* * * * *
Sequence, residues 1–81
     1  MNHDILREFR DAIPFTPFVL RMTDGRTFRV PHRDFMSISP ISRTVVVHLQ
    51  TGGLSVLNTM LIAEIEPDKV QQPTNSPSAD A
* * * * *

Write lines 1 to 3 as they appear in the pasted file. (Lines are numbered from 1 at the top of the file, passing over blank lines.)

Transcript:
Sequence, residues 1–81
     1  MNHDILREFR DAIPFTPFVL RMTDGRTFRV PHRDFMSISP ISRTVVVHLQ
    51  TGGLSVLNTM LIAEIEPDKV QQPTNSPSAD A